Health insurance companies have to get permission from insurance regulators for their prices every year, whether premiums are increasing, decreasing, or staying the same. In New York, our insurance regulators (the Department of Financial Services, or DFS) consider public comments when making their decision. To help consumers make informed comments, DFS posts the insurers’ applications on their website. Insurers also send letters to their customers informing them about their rate request and with instructions for commenting. Public comments are due by July 9.
The posted applications show that New York’s insurance market is robust, despite predictions that the marketplaces created by the Affordable Care Act would “explode” this year. Consumers shopping for individual or small group plans for 2018 still have lots of options at different price points. Insurers are asking for slightly smaller increases than they did last year (an average 16.6 percent increase in the individual market and 11.5 percent in the small group market). But of course, any increase can be hard for consumers and small business to bear. Consumers should remember that if you get premium assistance through the Advanced Premium Tax Credits, that assistance will reduce the impact of any rate increase. People should also understand that the requested amounts they see in the letters and on the DFS website are not final. The companies have to prove that their costs have gone up and that they have to raise prices to maintain a healthy business. If they can’t do that, DFS will reduce their requests.
HCFANY submits comments every year. Those letters (you can read the ones from last year here) include a detailed review of the companies’ applications. But comments do not have to be so detailed. You can find our guide to the process here. We also posted some example letters to help people get started (available here). But it is valuable for DFS to hear from consumers in their own words, so don’t feel like you have to stick to one template. Once you have written out what you want to say, you can copy and paste it into the form provided by DFS.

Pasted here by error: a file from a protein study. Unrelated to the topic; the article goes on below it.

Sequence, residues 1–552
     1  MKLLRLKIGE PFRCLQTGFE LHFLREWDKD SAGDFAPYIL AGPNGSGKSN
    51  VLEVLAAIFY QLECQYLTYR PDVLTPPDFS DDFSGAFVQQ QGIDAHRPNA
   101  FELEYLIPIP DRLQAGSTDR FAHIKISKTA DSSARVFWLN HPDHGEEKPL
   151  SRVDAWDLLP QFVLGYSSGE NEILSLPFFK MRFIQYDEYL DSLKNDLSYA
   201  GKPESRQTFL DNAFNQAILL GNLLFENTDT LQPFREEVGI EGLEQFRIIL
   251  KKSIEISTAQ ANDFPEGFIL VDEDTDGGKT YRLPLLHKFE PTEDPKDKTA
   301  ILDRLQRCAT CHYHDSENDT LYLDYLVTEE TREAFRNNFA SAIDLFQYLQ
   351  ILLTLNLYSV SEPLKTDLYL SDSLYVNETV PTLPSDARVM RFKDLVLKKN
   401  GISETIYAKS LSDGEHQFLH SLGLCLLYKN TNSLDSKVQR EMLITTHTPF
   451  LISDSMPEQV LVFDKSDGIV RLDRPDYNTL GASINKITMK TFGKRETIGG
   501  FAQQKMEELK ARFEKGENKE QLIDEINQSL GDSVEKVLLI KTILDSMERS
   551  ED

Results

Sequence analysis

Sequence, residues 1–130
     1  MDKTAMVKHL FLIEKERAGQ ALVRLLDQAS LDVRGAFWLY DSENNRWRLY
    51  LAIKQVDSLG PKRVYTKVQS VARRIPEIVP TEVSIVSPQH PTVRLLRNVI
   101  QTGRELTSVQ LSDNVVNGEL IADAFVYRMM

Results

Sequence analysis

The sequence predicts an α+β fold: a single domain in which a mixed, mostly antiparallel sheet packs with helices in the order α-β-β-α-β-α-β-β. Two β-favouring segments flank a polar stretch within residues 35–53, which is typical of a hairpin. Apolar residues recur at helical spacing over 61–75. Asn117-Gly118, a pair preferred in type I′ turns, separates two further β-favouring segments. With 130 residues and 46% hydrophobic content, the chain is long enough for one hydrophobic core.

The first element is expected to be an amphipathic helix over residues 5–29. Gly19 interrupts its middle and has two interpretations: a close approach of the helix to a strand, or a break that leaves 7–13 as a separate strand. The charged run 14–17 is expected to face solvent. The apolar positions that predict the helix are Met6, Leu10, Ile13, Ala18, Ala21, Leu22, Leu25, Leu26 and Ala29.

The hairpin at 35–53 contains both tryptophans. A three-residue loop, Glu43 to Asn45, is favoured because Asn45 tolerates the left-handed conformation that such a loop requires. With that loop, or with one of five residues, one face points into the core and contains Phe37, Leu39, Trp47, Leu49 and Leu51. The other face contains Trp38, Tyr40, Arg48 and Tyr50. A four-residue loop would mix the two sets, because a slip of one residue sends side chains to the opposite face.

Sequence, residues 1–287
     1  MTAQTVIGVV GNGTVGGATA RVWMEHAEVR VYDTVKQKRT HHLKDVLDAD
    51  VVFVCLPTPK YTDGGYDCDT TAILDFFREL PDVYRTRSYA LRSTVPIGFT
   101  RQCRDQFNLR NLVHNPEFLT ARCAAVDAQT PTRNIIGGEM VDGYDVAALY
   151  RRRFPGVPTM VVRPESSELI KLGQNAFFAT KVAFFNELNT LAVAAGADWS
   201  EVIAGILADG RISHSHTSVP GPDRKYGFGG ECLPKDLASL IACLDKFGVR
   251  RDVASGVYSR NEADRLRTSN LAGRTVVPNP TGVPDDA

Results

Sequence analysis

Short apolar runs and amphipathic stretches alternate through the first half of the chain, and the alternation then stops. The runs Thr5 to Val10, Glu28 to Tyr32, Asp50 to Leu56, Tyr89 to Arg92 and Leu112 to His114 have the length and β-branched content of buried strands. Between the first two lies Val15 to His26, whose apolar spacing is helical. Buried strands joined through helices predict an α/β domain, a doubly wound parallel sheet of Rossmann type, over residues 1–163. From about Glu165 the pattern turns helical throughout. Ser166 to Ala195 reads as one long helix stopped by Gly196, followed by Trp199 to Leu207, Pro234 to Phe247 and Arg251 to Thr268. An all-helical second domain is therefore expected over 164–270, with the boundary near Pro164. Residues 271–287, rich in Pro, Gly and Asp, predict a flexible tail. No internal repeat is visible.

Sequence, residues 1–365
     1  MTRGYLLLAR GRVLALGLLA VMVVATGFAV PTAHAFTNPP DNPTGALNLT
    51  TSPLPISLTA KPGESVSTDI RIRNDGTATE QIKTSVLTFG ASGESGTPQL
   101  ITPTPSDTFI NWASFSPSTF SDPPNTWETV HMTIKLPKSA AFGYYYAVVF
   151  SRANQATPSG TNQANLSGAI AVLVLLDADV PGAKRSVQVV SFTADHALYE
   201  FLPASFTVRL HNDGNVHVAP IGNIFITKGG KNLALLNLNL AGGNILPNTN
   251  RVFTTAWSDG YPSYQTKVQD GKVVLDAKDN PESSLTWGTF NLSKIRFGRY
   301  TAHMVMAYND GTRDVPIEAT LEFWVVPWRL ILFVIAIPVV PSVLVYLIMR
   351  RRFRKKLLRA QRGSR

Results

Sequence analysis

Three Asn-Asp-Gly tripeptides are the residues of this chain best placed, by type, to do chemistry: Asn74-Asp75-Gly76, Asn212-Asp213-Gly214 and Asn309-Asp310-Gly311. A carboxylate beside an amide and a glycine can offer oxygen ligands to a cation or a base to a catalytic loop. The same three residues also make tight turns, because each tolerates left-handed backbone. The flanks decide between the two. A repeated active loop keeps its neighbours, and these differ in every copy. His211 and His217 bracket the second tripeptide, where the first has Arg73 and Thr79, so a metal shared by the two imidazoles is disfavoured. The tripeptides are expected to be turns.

Medicaid is the single largest insurer for children in the United States. The program covers more than 35.5 million children nation-wide and more than 2 million children in New York State alone. On May 4, the House of Representatives voted to repeal and replace the Affordable Care Act (ACA) and cut more than $830 billion from the Medicaid program. In addition to these dramatic cuts, Congress has also proposed to lower the federal minimum Medicaid eligibility threshold for children under 19 from 138 percent of the Federal Poverty Level (FPL) (about $28,000 for a family of three) to 100 percent of FPL (about $20,000 for a family of three). A new policy brief from the Institute for Child, Youth, and Family Policy at Brandeis University shows what these cuts to Medicaid and change in eligibility will mean for school-aged children.